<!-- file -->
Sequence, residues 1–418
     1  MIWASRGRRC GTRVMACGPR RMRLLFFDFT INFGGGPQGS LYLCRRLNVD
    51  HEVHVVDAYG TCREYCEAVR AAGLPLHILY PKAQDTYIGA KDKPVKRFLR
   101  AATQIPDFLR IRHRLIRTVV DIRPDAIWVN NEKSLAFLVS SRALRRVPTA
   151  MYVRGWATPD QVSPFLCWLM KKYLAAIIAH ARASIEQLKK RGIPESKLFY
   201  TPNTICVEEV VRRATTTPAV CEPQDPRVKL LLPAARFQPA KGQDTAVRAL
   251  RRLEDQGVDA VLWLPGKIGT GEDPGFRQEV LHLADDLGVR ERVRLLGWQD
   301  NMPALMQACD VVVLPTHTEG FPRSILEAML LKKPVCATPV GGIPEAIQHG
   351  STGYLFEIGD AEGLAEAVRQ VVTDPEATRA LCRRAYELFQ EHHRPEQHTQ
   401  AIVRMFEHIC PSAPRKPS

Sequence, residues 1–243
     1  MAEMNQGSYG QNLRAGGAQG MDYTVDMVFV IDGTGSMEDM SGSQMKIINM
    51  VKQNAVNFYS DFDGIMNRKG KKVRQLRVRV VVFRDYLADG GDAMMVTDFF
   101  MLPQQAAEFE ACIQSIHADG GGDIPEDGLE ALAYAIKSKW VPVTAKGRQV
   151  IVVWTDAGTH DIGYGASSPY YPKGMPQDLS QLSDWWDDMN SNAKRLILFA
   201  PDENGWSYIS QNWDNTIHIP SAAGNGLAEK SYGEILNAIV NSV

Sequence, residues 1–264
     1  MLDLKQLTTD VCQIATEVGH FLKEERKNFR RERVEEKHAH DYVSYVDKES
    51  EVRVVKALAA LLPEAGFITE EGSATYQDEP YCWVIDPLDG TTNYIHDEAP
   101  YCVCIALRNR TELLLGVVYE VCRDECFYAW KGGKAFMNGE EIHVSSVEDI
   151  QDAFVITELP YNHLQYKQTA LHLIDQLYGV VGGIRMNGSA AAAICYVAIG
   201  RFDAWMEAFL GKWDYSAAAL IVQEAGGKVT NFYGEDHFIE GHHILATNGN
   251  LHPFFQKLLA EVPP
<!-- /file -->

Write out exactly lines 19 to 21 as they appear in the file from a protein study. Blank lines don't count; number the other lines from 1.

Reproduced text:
    51  EVRVVKALAA LLPEAGFITE EGSATYQDEP YCWVIDPLDG TTNYIHDEAP
   101  YCVCIALRNR TELLLGVVYE VCRDECFYAW KGGKAFMNGE EIHVSSVEDI
   151  QDAFVITELP YNHLQYKQTA LHLIDQLYGV VGGIRMNGSA AAAICYVAIG